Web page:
Thomas B. Jeffery Company
The Thomas B. Jeffery Company was an American automobile manufacturer in Kenosha, Wisconsin, from 1902 until 1916. The company manufactured the Rambler and Jeffery brand motorcars. It was preceded by the Gormully & Jeffery Manufacturing Company, a bicycle manufacturer. It was the parent company to Nash Motors, thus one of the parent companies of American Motors Corporation (AMC) and later Chrysler.
|Predecessor||Gormully & Jeffery Manufacturing Company|
|Fate||Renamed Nash Motors in 1917|
|Headquarters||Kenosha, Wisconsin, U.S.|
Thomas B. JefferyEdit
Thomas B. Jeffery was an inventor and an industrialist. He was one of America's first entrepreneurs interested in automobiles in the late 19th century. In 1897, he built his first prototype motorcar. Thomas B. Jeffery was serious enough about automobiles to sell his stake in Gormully & Jeffery to the American Bicycle Company to finance his new car company.
Charles T. Jeffery's (Thomas' son) experimental prototypes of 1901 (Models A & B) used at least two radical innovations – steering wheels and front-mounted engines. By the time Charles was ready for production in 1902, his father had talked him out of these wild dreams and convinced him to stick with tillers and engines under the seat.
From 1902 until 1908, Jeffery moved steadily to bigger, more reliable models starting with the 1902 Model C. Jeffery cars were built on assembly lines (the second manufacturer to adopt them—Ransom E. Olds was first), and in 1903 Jeffery sold 1,350 Ramblers. By 1905, Jeffery more than doubled this number. One reason may have been because Charles went back to the steering wheel before 1904. In 1907, Jeffery was building a large variety of different body styles and sizes. Among them was a five-passenger, US$2,500 Rambler weighing 2,600 pounds (1,179 kilograms) and powered by a 250 horsepower (186 kilowatts) engine.
In April 1910, Thomas B. Jeffery, died in Pompeii, Italy, and in June of that year, the business was incorporated under the name of the Thomas B. Jeffery Company, with Charles T. Jeffery as the president and general manager, H. W. Jeffery, vice president and treasurer.
In 1915, Charles T. Jeffery, changed the automotive branding from Rambler to Jeffery to honor the founder, his father, Thomas B. Jeffery.
As of 1916, G. H. Eddy replaced H.W. Jeffery as the treasurer so H.W. Jeffery could focus on the position of vice president. G. W. Greiner was the secretary, L. H. Bill the general manager, J. W. DeCou the factory manager, and Al Recke was the sales manager.
Charles T. Jeffery survived the sinking of the RMS Lusitania (a British luxury liner torpedoed by the Germans in World War I) in 1915 and decided to spend the rest of his life in a more enjoyable manner.
On the other hand, Charles W. Nash was caught in a power struggle for leadership at General Motors (GM) after successfully refocusing the automaker's management and production as well as increasing its sales and profits. Although "Billy" Durant offered Nash an annual salary of $1 million to continue working for GM, Nash saw an opportunity to exercise complete control and purchased the Thomas B. Jeffery Company in August 1916. In 1918, Nash renamed the company to Nash Motors.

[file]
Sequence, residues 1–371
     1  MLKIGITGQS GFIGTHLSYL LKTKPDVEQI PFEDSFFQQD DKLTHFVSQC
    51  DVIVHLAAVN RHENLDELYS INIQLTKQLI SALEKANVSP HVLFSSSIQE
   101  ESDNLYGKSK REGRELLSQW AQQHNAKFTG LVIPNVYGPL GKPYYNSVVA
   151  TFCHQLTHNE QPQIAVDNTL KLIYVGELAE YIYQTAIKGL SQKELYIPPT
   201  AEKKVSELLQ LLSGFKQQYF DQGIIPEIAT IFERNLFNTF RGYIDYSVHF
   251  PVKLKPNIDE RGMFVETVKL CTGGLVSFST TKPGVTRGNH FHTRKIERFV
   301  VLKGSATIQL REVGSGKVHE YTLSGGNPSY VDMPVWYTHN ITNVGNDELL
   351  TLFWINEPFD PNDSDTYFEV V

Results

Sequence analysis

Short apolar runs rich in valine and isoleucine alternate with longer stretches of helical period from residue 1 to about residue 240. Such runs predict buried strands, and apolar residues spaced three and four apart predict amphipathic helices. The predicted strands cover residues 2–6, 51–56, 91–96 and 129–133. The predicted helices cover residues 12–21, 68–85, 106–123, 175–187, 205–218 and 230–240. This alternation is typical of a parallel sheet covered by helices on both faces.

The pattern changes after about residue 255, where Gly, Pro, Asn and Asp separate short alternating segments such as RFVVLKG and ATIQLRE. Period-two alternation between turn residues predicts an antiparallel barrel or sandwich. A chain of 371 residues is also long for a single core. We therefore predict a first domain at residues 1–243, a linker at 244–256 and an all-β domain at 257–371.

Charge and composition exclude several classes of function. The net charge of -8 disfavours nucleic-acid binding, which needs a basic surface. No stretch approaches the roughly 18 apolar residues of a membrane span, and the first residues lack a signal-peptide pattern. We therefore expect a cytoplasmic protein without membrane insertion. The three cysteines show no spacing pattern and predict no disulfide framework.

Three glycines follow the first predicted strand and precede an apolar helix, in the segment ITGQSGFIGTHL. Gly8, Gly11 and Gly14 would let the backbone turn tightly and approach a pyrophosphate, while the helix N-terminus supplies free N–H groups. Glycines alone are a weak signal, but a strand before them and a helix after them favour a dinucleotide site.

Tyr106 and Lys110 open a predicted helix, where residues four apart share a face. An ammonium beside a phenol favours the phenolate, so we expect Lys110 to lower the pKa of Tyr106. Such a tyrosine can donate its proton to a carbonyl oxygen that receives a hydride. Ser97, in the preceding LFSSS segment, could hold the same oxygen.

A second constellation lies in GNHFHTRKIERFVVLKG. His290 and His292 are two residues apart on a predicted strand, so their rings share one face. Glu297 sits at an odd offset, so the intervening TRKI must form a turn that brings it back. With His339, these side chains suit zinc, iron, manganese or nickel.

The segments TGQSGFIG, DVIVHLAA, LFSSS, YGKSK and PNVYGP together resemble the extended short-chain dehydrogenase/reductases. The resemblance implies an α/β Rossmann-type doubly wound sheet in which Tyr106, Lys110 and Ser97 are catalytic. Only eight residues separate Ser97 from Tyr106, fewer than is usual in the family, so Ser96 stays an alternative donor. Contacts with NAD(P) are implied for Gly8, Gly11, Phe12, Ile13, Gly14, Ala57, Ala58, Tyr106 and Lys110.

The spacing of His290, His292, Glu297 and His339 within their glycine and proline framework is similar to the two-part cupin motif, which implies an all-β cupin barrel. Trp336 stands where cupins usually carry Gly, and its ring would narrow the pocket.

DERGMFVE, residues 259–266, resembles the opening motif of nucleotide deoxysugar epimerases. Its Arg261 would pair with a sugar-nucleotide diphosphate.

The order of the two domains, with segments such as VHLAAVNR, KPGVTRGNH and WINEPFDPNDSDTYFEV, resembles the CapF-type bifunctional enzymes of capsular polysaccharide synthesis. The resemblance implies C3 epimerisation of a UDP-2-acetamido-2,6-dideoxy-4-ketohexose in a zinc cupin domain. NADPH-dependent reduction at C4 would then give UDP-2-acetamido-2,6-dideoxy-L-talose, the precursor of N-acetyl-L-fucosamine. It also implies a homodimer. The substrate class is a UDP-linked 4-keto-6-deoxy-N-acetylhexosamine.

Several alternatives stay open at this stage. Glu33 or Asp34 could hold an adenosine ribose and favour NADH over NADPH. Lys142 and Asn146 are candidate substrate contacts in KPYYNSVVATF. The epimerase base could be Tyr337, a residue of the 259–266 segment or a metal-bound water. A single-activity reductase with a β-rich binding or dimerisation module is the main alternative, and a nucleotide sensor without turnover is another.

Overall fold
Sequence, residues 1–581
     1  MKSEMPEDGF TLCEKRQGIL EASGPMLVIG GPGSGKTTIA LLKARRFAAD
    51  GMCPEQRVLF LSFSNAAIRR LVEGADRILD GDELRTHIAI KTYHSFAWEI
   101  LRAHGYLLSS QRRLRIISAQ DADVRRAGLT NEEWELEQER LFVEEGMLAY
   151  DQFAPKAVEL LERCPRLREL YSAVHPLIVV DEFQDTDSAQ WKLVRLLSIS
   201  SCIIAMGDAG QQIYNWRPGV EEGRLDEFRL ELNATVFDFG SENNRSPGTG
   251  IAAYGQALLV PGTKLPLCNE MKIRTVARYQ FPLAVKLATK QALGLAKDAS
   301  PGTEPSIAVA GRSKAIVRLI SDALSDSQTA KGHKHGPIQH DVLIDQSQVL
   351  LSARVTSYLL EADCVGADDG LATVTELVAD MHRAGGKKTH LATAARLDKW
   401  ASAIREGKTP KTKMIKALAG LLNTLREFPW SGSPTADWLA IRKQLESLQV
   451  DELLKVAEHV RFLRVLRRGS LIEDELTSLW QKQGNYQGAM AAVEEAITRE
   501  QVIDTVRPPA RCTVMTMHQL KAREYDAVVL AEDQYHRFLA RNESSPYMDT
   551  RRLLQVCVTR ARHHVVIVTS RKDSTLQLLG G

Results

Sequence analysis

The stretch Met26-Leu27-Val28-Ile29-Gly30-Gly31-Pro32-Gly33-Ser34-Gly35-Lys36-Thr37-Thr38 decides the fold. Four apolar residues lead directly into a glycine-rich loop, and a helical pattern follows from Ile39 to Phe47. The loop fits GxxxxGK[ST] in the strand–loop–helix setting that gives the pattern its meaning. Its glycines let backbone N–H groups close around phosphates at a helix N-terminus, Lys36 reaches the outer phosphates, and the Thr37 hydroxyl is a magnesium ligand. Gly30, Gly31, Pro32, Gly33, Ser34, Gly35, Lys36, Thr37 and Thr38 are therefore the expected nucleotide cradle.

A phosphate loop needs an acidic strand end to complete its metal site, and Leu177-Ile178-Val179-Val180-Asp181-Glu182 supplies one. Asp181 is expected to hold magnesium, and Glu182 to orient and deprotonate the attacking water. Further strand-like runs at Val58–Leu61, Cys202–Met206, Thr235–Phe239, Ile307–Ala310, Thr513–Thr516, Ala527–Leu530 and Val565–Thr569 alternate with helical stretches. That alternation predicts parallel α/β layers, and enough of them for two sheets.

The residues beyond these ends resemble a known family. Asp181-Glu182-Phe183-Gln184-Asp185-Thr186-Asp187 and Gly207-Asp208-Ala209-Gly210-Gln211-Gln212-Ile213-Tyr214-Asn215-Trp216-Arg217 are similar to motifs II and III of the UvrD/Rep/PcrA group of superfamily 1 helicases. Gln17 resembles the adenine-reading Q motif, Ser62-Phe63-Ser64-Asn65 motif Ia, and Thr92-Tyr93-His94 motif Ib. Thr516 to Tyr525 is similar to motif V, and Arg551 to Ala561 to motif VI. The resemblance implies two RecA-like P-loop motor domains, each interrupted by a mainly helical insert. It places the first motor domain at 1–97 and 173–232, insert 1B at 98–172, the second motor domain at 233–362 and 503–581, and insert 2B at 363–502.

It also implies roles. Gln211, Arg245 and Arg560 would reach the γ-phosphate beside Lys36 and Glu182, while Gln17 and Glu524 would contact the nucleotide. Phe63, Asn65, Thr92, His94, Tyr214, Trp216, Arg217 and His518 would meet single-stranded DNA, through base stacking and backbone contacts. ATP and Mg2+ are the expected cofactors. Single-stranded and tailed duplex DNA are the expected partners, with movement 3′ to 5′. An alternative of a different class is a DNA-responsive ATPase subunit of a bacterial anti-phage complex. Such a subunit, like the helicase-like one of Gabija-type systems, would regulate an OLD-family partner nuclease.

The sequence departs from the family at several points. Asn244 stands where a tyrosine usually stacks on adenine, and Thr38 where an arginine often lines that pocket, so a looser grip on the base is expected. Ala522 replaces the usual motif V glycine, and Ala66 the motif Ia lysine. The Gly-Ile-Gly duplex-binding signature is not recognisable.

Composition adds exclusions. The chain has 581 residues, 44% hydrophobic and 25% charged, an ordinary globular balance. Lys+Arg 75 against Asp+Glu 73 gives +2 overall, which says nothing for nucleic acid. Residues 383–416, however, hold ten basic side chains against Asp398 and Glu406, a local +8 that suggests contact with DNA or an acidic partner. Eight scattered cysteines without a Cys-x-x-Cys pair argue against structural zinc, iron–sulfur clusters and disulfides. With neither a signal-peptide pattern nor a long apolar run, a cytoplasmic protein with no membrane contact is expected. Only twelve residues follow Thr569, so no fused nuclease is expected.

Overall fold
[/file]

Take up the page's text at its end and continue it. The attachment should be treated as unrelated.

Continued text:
Jeffery, with the money from his sale of Gormully & Jeffery, bought the old Sterling Bicycle Company's factory in Kenosha, Wisconsin. The original factory building was only 600 by 100 feet (183 m × 30 m) in size.
By 1916, the company's buildings expanded to cover over 20 acres (8 hectares) under roof and all of its facilities had grown to over 100 acres (40 hectares) that included a test track.
The Jeffery Quad, also known as the Nash Quad or Quad is a four-wheel drive truck that was developed and built in Kenosha from 1913, and after 1916, by Nash Motors, as well as under license by other truck makers. The Quad introduced numerous engineering innovations. Its design and durability proved effective in traversing the muddy, rough, and unpaved roads of the times.
The Quad was also one of the first successful four-wheel drive vehicles ever to be made, and its production continued unchanged through 1928, or 15 years, with a total of 41,674 units made.
1897 – Jeffery builds a rear-engine Rambler prototype using the Rambler name previously used on a highly successful line of bicycles made by Gormully & Jeffery.
1899 – Positive reviews at the 1899 Chicago International Exhibition & Tournament and the first National Automobile Show in New York City prompt the Jefferys to enter the automobile business.
1900 (Dec 6) – Thomas B. Jeffery finalizes a US$65,000 deal to buy the Kenosha, Wisconsin, factory of the defunct Sterling Bicycle with money from the sale of his interest in Gormully & Jeffery.
1901 – Two more prototypes, Models A and B, are made.
1902 – First production Ramblers – the US$750 Model C open runabout and the $850 Model D (the same car with a folding top). Both are powered by an 8-horsepower (6 kW; 8 PS), 98-cubic-inch (1.6 L) one-cylinder engine mounted beneath the seat, and are steered by a right-side tiller. First-year production totals 1,500 units making Jeffery the second-largest car maker behind Oldsmobile.
1910 (Mar 21) – Thomas B. Jeffery dies while on vacation in Italy.
1914 – The Rambler name is replaced with the Jeffery moniker in honor of the founder.
1916 (Aug) – Charles Jeffery sells the company to former General Motors Corp. President Charles W. Nash.
1917 – Charles Nash renames the Jeffery Motor Company, Nash Motors after himself.
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